Catch 22, written by Joseph Heller and published in 1961, is often cited as one of the most significant novels of the 20th century. The housing crisis is certainly one of the most significant problems today and my mind often drifts back to the novel when listening to politicians outbidding each other with schemes to ‘solve’ the housing crisis.
Housing policy epitomises the type of bureaucratic reasoning justifying actions in Catch 22 – the political imperative to avoid any housing policy that actually makes houses affordable.
The housing crisis is real, and solving it requires house prices to fall, either through massive new supply or a reduction in demand. But there is a catch: politicians know that a fall in house prices will be unpopular with homeowners. Housing is the nation’s chosen store of wealth, so reducing housing costs equates to reducing the stock of wealth. So we have a catch 22: action must be seen to be taken on the housing crisis, but on no account should this action result in lower house prices.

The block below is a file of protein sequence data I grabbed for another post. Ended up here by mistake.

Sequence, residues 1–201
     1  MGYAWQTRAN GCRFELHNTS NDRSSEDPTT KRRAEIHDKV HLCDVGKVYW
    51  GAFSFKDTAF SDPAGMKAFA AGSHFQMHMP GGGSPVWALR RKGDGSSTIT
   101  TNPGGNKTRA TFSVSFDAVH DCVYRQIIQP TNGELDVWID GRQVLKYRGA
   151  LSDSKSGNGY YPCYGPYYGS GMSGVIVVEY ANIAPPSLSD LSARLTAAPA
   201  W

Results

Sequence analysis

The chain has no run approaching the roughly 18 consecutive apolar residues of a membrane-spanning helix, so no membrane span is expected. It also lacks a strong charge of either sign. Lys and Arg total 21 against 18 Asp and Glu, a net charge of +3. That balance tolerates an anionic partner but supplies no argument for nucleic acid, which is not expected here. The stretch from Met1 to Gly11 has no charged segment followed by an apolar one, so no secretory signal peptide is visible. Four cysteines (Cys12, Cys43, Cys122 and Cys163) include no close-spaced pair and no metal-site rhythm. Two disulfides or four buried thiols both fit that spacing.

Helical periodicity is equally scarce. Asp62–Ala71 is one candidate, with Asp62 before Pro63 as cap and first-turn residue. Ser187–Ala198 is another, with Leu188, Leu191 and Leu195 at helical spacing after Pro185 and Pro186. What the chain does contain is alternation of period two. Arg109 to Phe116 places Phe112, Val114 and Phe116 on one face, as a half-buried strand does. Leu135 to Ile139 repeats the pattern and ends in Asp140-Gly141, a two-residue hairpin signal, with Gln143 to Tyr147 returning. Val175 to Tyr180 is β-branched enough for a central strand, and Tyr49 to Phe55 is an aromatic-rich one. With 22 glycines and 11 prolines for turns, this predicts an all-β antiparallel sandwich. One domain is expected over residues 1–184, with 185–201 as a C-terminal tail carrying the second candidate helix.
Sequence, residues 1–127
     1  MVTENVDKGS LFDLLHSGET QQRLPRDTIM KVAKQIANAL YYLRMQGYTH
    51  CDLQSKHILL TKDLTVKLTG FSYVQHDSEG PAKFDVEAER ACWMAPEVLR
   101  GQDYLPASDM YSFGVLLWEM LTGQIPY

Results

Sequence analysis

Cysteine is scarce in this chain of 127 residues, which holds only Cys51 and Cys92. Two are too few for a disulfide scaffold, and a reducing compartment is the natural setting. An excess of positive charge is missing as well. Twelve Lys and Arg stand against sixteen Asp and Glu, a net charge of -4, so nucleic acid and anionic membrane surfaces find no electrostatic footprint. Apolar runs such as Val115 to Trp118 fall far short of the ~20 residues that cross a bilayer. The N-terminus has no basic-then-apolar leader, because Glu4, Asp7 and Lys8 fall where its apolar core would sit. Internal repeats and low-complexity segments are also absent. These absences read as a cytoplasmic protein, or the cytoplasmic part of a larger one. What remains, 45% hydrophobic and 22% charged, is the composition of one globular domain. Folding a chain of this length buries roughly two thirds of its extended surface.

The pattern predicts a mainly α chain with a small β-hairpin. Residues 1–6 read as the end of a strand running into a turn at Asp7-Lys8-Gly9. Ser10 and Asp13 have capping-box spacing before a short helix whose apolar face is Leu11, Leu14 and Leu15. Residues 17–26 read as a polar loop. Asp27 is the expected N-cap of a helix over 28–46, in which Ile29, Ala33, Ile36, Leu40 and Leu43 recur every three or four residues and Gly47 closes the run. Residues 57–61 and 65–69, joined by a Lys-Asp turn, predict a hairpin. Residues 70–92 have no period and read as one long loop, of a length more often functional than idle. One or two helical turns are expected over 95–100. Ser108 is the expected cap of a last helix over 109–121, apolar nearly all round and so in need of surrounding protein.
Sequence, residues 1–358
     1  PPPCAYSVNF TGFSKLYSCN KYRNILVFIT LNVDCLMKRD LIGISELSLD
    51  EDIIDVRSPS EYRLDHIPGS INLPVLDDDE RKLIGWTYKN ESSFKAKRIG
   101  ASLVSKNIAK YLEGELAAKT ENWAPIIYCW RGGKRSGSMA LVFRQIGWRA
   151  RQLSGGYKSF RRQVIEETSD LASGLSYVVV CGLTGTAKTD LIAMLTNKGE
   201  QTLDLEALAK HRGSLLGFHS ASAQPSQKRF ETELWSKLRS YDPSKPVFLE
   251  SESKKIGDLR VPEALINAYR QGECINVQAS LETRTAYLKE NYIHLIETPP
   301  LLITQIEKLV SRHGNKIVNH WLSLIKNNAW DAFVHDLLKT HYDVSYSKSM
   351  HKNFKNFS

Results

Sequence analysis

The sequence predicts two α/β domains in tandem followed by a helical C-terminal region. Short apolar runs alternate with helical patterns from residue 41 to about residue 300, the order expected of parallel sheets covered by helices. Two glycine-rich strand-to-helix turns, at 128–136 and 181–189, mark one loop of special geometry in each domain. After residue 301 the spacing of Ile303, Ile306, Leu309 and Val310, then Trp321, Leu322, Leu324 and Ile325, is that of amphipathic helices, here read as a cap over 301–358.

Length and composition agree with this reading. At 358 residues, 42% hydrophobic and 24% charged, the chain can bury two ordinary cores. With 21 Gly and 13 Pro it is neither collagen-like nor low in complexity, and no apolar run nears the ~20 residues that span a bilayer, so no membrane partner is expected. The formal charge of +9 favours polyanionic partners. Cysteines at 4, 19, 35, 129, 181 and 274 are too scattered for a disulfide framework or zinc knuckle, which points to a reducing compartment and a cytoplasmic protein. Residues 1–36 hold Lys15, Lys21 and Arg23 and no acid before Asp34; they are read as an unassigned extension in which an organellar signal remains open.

Politicians compete with each other on promises to build more ‘permanent dwellings’, but only ‘affordable’ ones or, in other words, homes that will not affect the price of the rest of the housing stock.
Building any homes is of course tough and unpopular locally, so in order to have a policy to announce, the government subsidises the buying of houses (Help to Buy). This has the benefit of actively supporting house prices and therefore perpetuating the crisis. This political wheeze would sit happily with any of the absurd notions in Heller’s novel.
An achievable solution to affordability is to switch taxes away from income and instead tax housing wealth. The investment motive to own housing is reduced, encouraging occupiers of homes with more bedrooms than required to trade down to smaller houses (there is an astonishing 1.8 rooms per person in the UK – a very peculiar housing shortage indeed). This would boost housing supply and reduce prices.
Will this happen? Yes, under Labour’s ‘progressive property tax’. Will the electorate vote for such a tax, or is it a catch 22?
Malcolm Frodsham, director, Real Estate Strategies